Profitable Ways To Hedge Current World Series Futures

Justin Hilbert

Friday, September 29, 2017 7:43 PM UTC

Friday, Sep. 29, 2017 7:43 PM UTC

In just a few days, the MLB season will be over and the MLB postseason will begin. There's still time to get your bets in on a few scenarios, including the winner of both the ALCS and NLCS, as well as the eventual World Series winner ...

... But before you place those bets, here are a few things worth considering.

Bullpens are the key

Forget everything you know about the teams entering the MLB postseason. Ok, not everything, just the things having to do with starting pitching and offense. The Astros, Yankees, and Indians lead the American League in runs scored per game. In the National League, it's the Rockies, Cubs, and Nationals. 

But most of that will be neutralized in the postseason because starting rotations get shortened to the top four best pitchers on each team, and managers are much quicker to turn to their bullpens in these games.

Runs are at a premium in the postseason. Never forget that.

The team that will go deepest in the postseason is usually the team that has the best and deepest bullpen.

In the American League, that's the Yankees and Indians, practically neck-and-neck, but with the Yankees having the edge.

In the National League, that's the Nationals, with a rather sharp drop-off to the Dodgers and Diamondbacks.

Hedging your bets

Predicting which teams might actually win the World Series is only half of the strategy, though. The other half is recognizing what kinds of payouts can be had on each team and realizing that there's an opportunity here to place multiple bets on multiple teams and still make money. It all depends on the lowest payout you're willing to bet.

For instance, the Dodgers are the lowest priced team, at somewhere around +290, which is nearly three times the payout on your bet, but not quite. It's more than twice the payout, however, so you can safely bet a second team and still make money if one of those teams win.

The Indians are the second-lowest priced team, at roughly +380 on most MLB betting odds boards, which is more than three times your bet. If you exclude the Dodgers (because of their lower price), you can safely pick two other teams in addition to the Indians and still make money if one of those three teams wins.

For example, if you bet $100 each on the Dodgers at +290, the Indians at +380, you've invested $200. If the Dodgers win, you lost the $100 on the Indians but gained $290 on the Dodgers, so you've made money in the end.

If you skip the Dodgers for you MLB picks and bet $100 each on the Indians at +380, the Astros at +470, and -why not? - the Yankees at +1400, you've invested $300 for the chance to make (at a minimum) $80 on your bet if any of those teams win.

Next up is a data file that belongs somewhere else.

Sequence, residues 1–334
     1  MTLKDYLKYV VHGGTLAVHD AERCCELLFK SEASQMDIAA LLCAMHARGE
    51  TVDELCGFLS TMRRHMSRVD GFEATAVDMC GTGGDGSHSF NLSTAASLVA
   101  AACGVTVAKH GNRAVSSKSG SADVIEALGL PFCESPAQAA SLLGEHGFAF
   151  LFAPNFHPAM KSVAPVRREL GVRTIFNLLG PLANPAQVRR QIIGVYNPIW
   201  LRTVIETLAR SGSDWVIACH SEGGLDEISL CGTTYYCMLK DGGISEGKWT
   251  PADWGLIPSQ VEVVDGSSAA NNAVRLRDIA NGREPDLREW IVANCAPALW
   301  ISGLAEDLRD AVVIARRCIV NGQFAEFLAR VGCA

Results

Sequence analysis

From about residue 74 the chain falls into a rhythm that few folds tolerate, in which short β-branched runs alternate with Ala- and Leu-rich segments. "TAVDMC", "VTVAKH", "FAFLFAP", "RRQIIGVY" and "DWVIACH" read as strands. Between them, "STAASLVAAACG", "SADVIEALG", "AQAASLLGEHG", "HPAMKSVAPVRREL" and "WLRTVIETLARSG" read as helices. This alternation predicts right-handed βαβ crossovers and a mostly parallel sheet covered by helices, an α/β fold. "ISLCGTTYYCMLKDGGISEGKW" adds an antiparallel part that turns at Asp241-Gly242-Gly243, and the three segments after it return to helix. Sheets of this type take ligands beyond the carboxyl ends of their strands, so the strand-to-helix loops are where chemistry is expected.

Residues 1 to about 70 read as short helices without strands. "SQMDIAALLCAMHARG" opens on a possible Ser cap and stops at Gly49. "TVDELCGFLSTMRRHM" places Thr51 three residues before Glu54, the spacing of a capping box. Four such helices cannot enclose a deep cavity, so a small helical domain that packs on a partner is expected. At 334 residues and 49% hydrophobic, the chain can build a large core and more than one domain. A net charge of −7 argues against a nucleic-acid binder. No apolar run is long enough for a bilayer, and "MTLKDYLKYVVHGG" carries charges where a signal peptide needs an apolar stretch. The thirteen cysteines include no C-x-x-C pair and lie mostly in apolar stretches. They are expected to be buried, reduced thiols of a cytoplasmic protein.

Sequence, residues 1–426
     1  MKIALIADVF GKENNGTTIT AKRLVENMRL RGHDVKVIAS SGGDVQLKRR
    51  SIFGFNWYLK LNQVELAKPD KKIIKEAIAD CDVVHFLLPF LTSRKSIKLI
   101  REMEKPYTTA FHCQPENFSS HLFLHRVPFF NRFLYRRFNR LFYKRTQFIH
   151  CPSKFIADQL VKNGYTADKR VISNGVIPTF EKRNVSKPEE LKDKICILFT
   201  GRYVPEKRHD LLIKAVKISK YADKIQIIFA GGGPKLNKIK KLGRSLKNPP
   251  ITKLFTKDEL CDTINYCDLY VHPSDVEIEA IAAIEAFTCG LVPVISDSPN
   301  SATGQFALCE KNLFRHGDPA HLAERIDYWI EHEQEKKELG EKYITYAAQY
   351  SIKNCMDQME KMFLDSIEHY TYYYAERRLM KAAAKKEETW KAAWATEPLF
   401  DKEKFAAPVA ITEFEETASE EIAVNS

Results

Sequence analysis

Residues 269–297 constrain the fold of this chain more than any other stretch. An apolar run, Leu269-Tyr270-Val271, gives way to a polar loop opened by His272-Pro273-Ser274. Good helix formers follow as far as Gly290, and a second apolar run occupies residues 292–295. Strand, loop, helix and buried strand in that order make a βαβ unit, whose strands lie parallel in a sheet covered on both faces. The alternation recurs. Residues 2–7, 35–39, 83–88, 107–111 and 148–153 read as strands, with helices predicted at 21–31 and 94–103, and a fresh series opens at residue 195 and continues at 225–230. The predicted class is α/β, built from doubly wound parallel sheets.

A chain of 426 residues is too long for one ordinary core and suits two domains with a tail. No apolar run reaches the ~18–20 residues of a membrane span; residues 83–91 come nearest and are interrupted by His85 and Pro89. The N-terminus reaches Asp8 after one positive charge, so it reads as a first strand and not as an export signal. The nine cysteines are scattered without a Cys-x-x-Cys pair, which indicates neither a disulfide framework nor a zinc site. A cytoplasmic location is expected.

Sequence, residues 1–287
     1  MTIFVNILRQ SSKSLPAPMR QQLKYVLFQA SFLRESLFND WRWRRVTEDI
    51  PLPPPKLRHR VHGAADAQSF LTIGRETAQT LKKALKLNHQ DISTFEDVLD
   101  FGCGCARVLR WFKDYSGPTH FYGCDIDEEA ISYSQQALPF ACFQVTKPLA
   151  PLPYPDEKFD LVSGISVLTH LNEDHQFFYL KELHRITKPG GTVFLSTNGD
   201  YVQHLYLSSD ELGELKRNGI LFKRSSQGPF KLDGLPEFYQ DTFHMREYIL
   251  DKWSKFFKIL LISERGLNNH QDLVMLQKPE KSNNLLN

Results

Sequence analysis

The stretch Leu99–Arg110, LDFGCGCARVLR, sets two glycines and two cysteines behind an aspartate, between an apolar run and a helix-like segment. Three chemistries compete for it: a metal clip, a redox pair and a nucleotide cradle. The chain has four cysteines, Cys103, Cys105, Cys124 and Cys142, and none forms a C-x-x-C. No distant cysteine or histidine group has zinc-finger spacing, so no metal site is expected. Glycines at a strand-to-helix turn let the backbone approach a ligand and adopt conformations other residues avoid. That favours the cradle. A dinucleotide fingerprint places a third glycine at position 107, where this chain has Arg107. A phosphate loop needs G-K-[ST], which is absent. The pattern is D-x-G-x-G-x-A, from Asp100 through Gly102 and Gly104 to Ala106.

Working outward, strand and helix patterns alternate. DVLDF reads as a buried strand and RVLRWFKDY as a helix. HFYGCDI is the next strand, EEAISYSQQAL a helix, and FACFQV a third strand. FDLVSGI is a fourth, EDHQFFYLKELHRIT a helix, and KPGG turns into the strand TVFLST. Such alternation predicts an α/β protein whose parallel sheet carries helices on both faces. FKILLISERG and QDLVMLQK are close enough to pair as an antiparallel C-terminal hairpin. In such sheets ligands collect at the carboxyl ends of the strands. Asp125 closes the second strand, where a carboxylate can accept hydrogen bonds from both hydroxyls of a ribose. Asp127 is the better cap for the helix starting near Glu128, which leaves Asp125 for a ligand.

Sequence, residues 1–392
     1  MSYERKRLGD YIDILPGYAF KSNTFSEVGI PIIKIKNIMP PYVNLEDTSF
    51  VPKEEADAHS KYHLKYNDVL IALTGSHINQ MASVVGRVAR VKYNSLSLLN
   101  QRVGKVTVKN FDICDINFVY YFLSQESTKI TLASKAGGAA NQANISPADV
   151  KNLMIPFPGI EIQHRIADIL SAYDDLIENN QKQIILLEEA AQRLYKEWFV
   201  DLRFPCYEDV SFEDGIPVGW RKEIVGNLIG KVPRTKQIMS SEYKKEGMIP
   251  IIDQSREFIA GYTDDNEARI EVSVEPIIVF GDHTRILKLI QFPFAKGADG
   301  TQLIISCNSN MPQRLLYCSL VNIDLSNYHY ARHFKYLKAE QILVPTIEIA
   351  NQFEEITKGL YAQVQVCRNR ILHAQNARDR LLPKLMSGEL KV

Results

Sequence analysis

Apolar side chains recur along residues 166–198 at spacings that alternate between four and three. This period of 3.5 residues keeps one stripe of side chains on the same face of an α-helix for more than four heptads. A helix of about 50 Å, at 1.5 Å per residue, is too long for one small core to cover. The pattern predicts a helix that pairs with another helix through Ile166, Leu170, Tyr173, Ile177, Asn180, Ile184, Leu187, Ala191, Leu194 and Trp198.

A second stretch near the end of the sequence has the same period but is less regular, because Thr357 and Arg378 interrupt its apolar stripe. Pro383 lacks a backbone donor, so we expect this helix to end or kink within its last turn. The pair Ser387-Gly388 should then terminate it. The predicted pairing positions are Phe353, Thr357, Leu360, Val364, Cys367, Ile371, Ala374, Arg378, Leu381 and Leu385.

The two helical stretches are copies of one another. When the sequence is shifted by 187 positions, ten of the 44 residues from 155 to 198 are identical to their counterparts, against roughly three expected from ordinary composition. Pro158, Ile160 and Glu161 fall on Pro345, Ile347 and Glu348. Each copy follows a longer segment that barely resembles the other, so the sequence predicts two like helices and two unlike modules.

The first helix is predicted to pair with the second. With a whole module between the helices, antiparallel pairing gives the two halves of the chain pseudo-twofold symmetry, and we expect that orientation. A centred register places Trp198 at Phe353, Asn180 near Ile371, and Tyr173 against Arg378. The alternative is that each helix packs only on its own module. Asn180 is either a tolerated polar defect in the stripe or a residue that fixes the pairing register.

The risk of betting multiple teams is that you put more money on the table for every team you bet, but the gain is that you increase your chances of one of your teams winning, and ultimately coming out ahead on your investment.

Ignore the streaks

The Dodgers went on a bizarre 11-game losing streak at the end of this season. The Indians famously went on a record-breaking 22-game winning streak. Undoubtedly, these are the things that affect the betting markets, as people believe that the Indians are "getting hot" going into the postseason, while the Dodgers are "getting cold" headed into October.

None of this matters.

Streaks happen in baseball all the time, and they happen for many different reasons: strength of schedule, injuries, the normal ebb and flow of player performance, and plain old luck.

In the postseason, everything is reset to zero. The best play the best, the top offenses against the cream of the starting rotation's crop, the deepest bullpens against top-scoring offenses, random luck against season-long performances. In a short series, anything can happen. The sample sizes are too small to let the percentages play themselves out. The Yankees have as much chance of winning the trophy as the consensus-favorite Dodgers.

So who do you bet?

Not the Dodgers.

Yes, they might well win it all, but they offer the lowest payout, and their bullpen isn't as deep as other teams. For my money, the Yankees are the sleeper success, with the Indians and Nationals as the more common-sense favorites.

Take those three, and at a minimum, you've got a modest payout, with a maximum payout on the Yankees close to 1400%.

My money's on the Indians. But my hopes and dreams are on the Yankees.

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